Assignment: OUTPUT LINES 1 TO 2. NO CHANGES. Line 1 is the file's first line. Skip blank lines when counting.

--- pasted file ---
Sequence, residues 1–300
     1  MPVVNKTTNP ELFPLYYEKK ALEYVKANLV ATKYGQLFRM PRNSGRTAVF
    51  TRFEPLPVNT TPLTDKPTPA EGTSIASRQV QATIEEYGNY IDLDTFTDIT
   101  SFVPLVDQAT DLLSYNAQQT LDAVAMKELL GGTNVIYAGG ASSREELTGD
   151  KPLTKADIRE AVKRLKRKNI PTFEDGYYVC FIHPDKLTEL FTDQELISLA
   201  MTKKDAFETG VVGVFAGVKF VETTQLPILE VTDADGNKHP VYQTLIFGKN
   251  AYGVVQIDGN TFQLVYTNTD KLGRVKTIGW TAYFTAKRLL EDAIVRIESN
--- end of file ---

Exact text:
Sequence, residues 1–300
     1  MPVVNKTTNP ELFPLYYEKK ALEYVKANLV ATKYGQLFRM PRNSGRTAVF